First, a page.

Arkansas-bred, Portland-based vocal powerhouse Beth Ditto is proud of the five edgy albums she made during her 15 years fronting Gossip. But when the group disbanded in 2016 and she flew solo with 2017’s stylistic showcase “Fake Sugar” — which puts her banshee howl up front in the gear-grinding punk-metal mix — she had one directive that superseded all her past work. “I just wanted to hear guitars again, to hear bass again, and to make a record that was built upon riffs again,” she says. “And that’s just what we did. Almost every song on this record started with a guitar solo.”
In recent breakdowns of 2017’s chart-topping singles, only a handful were written and produced by women, even the ones by female artists.
Yeah. And I’m not surprised. I think that’s why punk has always been so cool. Because pop music is still doing this capitalism thing, and its industry is a patriarchy to me. Everything about it just falls back on capitalism, and I can see all of it so clearly. I mean, I can see that Max Martin is amazing, and I can see why he’s amazing. But he’s not the most amazing person in the world, and he’s not the ultimate songwriter. So I don’t even watch the Grammys — we all know what it is. It’s all so superficial.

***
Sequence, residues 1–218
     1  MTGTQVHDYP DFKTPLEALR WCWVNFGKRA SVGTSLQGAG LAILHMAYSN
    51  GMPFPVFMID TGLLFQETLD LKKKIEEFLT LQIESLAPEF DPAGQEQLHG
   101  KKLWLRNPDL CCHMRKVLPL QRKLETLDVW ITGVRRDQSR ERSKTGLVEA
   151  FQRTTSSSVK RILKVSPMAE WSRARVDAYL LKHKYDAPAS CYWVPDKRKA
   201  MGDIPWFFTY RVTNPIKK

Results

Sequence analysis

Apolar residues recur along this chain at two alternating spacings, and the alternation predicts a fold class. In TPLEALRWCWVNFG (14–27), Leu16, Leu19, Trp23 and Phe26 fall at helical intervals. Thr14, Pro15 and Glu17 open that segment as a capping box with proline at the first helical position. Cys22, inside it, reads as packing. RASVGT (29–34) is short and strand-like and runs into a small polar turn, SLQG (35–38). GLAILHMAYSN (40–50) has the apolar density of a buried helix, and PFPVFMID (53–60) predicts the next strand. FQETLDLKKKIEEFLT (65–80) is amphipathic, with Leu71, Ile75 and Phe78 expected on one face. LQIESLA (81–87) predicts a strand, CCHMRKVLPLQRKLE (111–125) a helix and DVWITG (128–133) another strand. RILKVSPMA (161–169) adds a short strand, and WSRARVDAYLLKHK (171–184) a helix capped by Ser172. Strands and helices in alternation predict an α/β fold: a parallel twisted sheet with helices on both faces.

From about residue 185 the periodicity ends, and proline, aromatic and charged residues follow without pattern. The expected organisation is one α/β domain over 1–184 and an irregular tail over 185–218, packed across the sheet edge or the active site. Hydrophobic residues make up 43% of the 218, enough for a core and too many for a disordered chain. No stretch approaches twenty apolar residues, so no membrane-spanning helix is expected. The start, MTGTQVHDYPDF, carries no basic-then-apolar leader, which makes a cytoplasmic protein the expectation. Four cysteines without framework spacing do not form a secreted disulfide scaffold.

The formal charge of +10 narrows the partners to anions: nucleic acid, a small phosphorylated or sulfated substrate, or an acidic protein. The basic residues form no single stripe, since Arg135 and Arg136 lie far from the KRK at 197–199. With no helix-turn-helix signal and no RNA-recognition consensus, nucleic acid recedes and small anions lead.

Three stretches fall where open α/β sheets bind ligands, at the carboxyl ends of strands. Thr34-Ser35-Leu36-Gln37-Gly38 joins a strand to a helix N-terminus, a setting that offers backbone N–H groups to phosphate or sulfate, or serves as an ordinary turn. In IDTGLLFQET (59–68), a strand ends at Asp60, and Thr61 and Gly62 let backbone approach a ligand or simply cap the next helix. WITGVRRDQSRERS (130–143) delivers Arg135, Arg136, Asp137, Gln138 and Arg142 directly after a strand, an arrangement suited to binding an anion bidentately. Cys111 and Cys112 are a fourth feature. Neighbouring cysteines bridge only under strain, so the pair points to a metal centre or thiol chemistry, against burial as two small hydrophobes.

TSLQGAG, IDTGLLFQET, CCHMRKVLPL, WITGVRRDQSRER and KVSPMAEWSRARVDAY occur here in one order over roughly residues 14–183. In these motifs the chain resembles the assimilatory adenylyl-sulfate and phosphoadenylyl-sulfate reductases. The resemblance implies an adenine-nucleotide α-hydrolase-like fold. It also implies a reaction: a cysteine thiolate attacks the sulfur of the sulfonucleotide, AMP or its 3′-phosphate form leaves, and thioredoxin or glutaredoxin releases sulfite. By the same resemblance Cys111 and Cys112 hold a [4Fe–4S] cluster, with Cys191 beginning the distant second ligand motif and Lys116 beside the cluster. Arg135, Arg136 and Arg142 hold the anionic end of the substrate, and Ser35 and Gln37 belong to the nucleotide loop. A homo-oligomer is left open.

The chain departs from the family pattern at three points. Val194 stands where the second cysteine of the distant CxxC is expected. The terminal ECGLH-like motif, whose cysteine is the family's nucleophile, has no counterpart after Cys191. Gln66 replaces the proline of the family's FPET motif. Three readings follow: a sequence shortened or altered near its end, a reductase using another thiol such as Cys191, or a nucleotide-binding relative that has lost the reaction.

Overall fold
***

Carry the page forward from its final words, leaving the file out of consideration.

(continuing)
There was a fun magazine article on you last year, describing how you and your wife Kristin Ogata resided quietly in Portland with your two cats, Tofu and Butters. Which made perfect sense.
Well, uh, my wife and I have since split. And it’s OK. It’s all OK. So Tofu is with her and Butters is with me, but at the moment, Butters is limping, so I have to take him to the vet today. He’s an outside cat and kind of a rough-houser, so he gets into fights a lot. I’m also seeing someone new (musician Ted Kwo), and we actually just bought a house together, so it’s very serious, and for the most part it feels really good. (Kristin) and I were so close for so long, it was like being married to your best friend. Which is not always a good thing.
And you covered Tommy James and the Shondells’ “I’m Alive,” too?
You know, I was asked to do it for a Max Factor commercial, and it was a weird edit, because it was edited with a commercial in mind. But I didn’t know it was going to become a single on its own. And it was so fun to sing, because when you look at Tommy James, you forget what a hit powerhouse he is. He’s really underrated.